Vietnam city under the gun to shoot back at measles

By Vien An, Thanh Nien News

Email Print

RELATED NEWS

A baby is vaccinated for measles in Ho Chi Minh City. Photo by Nguyen Mi



Ho Chi Minh City is starting a grand vaccination campaign for measles as it is still spreading after two months of lackluster efforts and the problem could worsen as the seasons change.
The city Preventive Health Department reported that 129 children had been infected with measles or suspected to in the first two months this year, up 21.5 times year-on-year.
It said the disease might spread further as March and April are usually its peak time.
Doctors have blamed the abnormal eruption of the disease on vaccination neglect.
The department estimated that around 5,000 children in the city have not been administered their first measles shot as they should have been, and those missing their second shots amounted to 25,000-30,000.
The city has prepared around 100,000 measles shots to provide to children starting this Friday.
Children in Vietnam are given their first measles shot at nine months old and the second at 18 months. The final shot increases the protection chance to 99 percent from 85 percent after the first shot, doctors said.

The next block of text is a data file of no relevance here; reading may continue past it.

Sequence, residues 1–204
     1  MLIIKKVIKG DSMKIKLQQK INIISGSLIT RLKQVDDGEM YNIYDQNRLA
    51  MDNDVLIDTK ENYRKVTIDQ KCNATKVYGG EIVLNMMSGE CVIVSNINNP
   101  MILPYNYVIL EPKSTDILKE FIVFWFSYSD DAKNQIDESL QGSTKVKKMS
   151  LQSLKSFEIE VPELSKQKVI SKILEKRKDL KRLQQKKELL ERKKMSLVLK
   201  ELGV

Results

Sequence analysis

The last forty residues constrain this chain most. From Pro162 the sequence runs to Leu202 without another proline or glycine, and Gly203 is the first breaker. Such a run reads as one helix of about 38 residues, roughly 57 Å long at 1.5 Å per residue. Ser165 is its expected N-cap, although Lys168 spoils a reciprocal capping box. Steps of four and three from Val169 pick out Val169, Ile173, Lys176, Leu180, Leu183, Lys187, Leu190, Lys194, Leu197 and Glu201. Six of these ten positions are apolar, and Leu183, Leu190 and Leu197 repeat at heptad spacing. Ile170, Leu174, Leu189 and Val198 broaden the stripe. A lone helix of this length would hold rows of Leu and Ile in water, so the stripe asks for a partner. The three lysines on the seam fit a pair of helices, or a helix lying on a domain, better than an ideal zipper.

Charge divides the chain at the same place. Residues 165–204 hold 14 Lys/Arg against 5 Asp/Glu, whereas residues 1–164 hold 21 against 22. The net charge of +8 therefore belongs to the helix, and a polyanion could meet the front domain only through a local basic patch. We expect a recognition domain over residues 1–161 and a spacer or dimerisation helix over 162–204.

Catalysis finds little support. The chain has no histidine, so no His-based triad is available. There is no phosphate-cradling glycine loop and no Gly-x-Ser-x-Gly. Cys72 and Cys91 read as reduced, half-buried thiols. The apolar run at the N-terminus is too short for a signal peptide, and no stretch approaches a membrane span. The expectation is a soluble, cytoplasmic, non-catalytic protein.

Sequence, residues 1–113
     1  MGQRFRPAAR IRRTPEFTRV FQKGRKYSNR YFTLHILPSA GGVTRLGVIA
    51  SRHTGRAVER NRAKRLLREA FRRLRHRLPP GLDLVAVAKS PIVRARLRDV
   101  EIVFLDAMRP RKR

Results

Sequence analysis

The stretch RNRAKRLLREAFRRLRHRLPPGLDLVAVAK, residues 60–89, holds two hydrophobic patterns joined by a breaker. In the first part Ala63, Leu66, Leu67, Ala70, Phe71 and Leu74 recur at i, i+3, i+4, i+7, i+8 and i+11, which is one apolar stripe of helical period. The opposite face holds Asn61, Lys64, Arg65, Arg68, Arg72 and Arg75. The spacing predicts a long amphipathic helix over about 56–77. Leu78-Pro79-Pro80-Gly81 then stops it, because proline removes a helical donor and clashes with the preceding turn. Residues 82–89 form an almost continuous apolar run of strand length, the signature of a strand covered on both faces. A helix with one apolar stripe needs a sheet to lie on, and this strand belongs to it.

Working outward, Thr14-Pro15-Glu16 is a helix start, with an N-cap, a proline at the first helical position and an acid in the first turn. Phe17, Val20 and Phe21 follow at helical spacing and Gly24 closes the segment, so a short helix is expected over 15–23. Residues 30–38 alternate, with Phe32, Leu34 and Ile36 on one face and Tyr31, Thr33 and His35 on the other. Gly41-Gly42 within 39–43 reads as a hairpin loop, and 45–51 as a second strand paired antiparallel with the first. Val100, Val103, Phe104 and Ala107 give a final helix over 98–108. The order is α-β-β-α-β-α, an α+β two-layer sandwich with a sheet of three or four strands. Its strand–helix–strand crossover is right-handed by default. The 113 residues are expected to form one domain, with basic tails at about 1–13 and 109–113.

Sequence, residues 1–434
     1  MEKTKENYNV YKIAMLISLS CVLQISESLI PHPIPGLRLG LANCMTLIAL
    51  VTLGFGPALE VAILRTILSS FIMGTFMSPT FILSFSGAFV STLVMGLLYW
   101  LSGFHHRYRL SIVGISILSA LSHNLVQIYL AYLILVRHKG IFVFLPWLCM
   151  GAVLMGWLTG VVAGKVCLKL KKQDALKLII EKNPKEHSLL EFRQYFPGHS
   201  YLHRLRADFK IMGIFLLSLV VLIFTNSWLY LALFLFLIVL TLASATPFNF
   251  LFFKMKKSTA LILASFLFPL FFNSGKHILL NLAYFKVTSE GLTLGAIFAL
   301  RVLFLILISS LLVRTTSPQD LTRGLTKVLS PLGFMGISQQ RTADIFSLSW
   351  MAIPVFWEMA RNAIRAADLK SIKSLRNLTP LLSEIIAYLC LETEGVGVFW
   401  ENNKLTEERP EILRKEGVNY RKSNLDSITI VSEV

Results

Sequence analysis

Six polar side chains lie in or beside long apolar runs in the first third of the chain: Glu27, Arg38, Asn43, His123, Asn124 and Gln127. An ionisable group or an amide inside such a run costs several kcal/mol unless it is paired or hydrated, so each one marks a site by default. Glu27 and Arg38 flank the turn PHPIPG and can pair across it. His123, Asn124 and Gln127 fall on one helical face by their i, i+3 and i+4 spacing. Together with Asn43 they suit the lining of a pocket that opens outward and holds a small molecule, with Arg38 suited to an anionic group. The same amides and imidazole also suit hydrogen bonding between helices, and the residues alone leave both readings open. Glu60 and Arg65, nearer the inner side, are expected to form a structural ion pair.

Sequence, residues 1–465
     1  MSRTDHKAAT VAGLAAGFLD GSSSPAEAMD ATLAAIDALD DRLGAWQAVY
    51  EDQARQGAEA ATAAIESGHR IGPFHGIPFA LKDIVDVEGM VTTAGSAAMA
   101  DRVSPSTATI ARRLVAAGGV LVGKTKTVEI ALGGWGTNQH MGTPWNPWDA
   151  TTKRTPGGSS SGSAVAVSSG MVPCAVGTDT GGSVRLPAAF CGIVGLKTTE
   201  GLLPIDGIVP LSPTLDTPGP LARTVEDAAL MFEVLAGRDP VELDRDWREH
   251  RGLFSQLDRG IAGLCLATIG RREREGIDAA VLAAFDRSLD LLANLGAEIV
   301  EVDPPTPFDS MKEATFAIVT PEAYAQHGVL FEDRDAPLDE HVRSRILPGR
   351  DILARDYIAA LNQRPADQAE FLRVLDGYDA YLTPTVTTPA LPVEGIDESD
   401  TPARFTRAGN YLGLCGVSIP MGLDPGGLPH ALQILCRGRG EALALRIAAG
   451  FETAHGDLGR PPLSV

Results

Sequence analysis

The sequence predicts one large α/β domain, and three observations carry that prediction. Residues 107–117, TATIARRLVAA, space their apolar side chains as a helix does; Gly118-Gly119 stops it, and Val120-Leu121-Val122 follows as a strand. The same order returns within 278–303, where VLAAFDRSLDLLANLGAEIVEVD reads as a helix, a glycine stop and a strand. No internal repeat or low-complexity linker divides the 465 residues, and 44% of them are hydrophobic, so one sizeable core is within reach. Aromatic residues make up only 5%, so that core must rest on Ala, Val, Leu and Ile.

But a low rate of vaccination has opened doors for severe measles outbreaks that began in late January and killed six children in around 10 days in northern Vietnam, including Hanoi.
“We’ve been failing in vaccination for a long time,” said Dr. Le Truong Giang, former deputy director of the HCMC Health Department and now chairman of the city Community Health Association.
Doctor Truong Huu Khanh, head of the infection faculty at Ho Chi Minh City’s leading pediatrics facility Children’s Hospital No.1 said most children admitted were not vaccinated, including many of valid ages for the shots.
Health experts said dropping vaccination rates were partly due to the scare of the 5-in-1 Dutch vaccine Quinvaxem which is under suspicion of causing 15 deaths since late 2012. The Health Ministry has so far denied any connection between the deaths and the quality of the vaccine, which is administered for free.
Khanh said measles develops fast and spreads quick, and is also one of the infections for which vaccination takes effect fastest and most powerfully.
Thus a lack of vaccination can cause clear and immediate consequences, he said.
“The outbreaks from early this year indicates that measles vaccination has been ignored for the past year.”
Doctors said make-up vaccinations for the missed shots are expected to take 15 days and if successful, could end the outbreak in one month.

Like us on Facebook and scroll down to share your comment





More Health News